But they all stayed in constant touch, particularly the Jerveys and the Shannonhouses. What started in New York continued at various points all along I-95 and didn’t really stop until Royal’s death four years ago, when the sadly inevitable—aging and decline—stopped it. The Shannonhouses were my parents’ closest friends for 60 years. And now that three of the four are gone, that seems nowhere nearly enough.
My memories of Myra and Royal (sometimes it’s all but impossible not to talk about the two in the same breath) start in the 1960s. When our family would drive to and from vacations with Dad’s clan in Charleston, SC, we sometimes spent a night or two with the Shannonhouses in North Carolina. By the time we chugged into their driveway, my parents were ready to abandon the Falcon Station Wagon that smelled of Sea and Ski, peanut butter, melted Turkish Taffy and spilled Mountain Dew, and divest themselves of their children.
And for good reason: More often than not, my brother, Pete, and I had quarreled over whether the license plate that just whizzed by was from Alabama or Arkansas, settled things by tossing each other’s clothes out the window and then purposely gotten lost in the sweet and sticky aisles of South of the Border—on at least one occasion requiring intervention from The South Carolina Highway Patrol. Not surprisingly, Marion and Trap needed a cocktail or two and a good, old-fashioned evening with Myra and Royal.
My recollections of those visits revolve around a large, rambling house that tumbled with rambunctious, edgy boys, a warm, engaging Mama Bear of a woman with a big smile and even bigger laugh—and a strict but twinkly-eyed father, who tried to imposed good-natured order on his unruly household by docking the boys’ allowances for neglected duties and other transgressions. Pete and I both were none too pleased when Marion and Trap tried to import that practice back to Baltimore. Luckily for us, though, it didn’t stick.
But so much else did.
It was during the summer of 1969 that these quick summer visits coalesced into what I have come to think of as The Official Myra and Royal Era, years full of sometimes silly and subversive but always smart conversation that tackled everything from Maryland’s own Spiro Agnew to civil rights, Thomas Eagleton, Vietnam, George Wallace, Gloria Steinem, Billie Jean King, Arthur Ashe, gas lines, Kent State, streaking and Secretariat.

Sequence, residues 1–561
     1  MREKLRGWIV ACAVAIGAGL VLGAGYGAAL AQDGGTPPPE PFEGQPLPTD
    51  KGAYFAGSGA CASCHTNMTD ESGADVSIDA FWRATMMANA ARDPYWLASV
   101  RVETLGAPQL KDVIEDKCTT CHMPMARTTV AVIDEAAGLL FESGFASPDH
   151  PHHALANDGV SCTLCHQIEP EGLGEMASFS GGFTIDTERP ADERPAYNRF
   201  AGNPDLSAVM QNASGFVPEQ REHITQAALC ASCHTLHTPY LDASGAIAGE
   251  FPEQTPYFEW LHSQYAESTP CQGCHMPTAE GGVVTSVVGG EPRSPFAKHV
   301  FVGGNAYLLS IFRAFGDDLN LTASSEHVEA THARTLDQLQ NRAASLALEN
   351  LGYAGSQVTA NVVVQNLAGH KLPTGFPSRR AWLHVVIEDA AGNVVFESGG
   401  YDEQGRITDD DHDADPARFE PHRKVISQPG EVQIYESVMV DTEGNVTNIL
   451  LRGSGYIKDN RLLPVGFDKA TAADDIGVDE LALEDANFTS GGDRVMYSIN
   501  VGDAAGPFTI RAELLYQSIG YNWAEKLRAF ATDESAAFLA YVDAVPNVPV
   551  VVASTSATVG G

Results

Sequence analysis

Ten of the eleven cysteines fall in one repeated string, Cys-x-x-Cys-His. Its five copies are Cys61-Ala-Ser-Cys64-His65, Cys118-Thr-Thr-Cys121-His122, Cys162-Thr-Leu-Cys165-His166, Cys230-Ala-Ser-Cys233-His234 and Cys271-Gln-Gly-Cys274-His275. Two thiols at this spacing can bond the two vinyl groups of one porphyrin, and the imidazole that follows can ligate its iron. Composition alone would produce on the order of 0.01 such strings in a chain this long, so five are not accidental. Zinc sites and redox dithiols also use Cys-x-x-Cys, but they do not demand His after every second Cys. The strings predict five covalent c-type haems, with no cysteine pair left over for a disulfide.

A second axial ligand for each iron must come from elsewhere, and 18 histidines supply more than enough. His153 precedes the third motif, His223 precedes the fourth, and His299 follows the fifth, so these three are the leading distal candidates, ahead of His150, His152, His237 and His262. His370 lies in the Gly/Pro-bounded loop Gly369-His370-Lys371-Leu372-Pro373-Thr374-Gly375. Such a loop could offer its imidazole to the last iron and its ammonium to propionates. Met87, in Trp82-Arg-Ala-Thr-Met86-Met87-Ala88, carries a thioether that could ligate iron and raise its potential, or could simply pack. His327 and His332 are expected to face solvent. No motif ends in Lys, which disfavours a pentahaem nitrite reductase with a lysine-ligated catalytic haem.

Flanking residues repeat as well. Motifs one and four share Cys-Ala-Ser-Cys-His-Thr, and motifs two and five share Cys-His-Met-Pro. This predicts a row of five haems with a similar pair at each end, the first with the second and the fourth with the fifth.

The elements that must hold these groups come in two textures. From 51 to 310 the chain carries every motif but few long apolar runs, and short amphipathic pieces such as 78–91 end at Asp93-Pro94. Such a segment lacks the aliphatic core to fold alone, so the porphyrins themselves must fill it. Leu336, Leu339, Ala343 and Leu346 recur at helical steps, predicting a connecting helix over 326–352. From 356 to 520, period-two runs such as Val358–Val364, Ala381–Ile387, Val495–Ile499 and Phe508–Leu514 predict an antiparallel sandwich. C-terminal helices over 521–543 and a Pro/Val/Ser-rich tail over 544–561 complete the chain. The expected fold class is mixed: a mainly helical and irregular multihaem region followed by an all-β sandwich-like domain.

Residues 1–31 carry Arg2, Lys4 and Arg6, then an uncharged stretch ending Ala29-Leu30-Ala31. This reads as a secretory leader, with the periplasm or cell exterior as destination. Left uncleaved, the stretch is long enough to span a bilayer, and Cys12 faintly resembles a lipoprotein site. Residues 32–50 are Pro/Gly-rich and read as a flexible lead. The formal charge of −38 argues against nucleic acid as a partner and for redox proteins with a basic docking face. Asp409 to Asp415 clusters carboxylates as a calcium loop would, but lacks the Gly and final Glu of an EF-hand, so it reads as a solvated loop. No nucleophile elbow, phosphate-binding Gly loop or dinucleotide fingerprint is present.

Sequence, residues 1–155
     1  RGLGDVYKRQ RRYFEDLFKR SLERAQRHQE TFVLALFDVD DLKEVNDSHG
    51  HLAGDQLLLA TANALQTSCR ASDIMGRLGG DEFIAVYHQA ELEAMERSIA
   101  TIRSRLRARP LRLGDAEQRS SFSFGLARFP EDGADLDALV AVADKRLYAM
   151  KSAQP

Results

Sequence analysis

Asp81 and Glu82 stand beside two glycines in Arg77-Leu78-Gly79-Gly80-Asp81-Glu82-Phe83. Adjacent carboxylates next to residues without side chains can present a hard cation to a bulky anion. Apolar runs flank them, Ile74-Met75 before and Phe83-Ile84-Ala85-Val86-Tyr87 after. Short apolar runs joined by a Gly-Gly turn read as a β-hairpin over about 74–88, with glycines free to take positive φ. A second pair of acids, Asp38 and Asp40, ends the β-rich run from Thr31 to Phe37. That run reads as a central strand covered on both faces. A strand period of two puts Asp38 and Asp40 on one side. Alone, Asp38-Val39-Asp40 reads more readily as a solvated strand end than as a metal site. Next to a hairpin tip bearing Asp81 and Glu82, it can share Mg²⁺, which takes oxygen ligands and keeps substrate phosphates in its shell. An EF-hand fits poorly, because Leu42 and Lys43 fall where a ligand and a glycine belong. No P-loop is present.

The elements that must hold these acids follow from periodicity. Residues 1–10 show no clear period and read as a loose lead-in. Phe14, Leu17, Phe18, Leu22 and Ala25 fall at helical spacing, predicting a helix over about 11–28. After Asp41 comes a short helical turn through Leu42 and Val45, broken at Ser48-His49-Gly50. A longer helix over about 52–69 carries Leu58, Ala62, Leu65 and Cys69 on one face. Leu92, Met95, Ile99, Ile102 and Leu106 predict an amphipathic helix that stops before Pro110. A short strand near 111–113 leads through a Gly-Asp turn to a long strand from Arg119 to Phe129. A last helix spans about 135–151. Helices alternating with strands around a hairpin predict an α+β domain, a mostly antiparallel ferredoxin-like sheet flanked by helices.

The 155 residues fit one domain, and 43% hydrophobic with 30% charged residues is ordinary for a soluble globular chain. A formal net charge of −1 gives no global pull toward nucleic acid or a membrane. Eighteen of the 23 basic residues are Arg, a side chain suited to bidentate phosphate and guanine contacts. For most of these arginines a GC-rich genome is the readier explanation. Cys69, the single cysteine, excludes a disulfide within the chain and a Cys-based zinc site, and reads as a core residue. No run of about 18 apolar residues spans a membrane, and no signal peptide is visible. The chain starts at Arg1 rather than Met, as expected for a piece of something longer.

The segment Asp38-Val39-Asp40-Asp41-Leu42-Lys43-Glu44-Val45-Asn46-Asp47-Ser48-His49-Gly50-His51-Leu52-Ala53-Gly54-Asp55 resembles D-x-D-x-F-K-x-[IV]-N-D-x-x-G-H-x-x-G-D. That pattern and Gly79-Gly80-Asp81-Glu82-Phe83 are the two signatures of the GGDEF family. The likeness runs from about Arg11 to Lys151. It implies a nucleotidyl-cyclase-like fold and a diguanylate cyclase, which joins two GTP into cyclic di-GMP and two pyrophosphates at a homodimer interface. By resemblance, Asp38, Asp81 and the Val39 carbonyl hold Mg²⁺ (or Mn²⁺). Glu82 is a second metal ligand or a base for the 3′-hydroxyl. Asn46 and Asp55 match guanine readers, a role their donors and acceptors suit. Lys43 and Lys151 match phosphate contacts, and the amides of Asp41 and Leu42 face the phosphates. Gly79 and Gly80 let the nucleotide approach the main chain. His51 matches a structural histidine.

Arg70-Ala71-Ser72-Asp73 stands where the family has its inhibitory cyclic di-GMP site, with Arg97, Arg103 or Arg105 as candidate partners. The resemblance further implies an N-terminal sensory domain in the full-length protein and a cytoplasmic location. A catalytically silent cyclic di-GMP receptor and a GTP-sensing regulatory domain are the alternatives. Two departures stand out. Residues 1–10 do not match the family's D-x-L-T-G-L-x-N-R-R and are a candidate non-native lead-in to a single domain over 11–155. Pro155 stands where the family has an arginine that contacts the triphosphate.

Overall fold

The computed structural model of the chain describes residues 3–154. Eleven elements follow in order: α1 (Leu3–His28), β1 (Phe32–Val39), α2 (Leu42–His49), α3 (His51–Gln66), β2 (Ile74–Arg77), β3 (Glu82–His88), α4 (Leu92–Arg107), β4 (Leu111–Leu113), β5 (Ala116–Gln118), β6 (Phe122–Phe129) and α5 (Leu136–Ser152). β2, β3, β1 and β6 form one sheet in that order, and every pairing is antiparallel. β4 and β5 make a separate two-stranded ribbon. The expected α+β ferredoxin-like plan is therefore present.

In fact, I can remember the exact day that things around our house on Bellemore Road started to change. It was July 20, 1969, the day of Neil Armstrong’s moon landing. At the time, I played competitive junior tennis and was far more concerned with my skittish down-the-line backhand and truncated service toss—not to mention that cute, roguish tennis coach—than matters of global, much less lunar significance. That famous day, I bounced home from practice to find Myra sitting on the screen porch, as if she had simply always been there, eyes glued to the TV, cigarette in hand. Without skipping a beat, she teased me about the length of my very short shorts, snorted when I told Mom I would have Tab and celery for dinner because I was on a diet, and instructed me to take a seat, stop talking (no small order there), pay attention to Walter Cronkite and watch history being made.
And, for the rest of my life, in every sense of the word, it was as if Beauregard never left that chair.
The Shannonhouses moved to Baltimore that fall, when Royal joined the faculty of University of Baltimore Law School and Myra became the publicity director for a large department store. And from then on, Myra and Royal would inhabit that porch—and the den, the dining room, the living room and kitchen of 818 Bellemore. Thanksgivings, Christmases, Easters, graduations and everything in between. Neither family had relatives in Baltimore, so we became that to each other, taking friendship out of the confines of set dates and organized calendars and into the realm of the familiar and everyday.
Although on the surface they didn’t look like they would enlist with, say, Che Guevara, both couples shared their own brand of eccentricity and iconoclasm that defied ready stereotypes. They favored irreverence, and sly, witty collusion over just going along for the ride, jazz bars and gentile bohemia (albeit at times packaged in Pappagallos and Brooks Brothers suits) over the manicured and predictable.
They stood out.
Over the years, Myra and I became especially close. She wouldn’t have traded her three sons for the world—and often thanked God that she only had boys, because girls were way too secretive, temperamental and complex. But, nonetheless, she adopted several surrogate daughters like “Gayzah” along the way.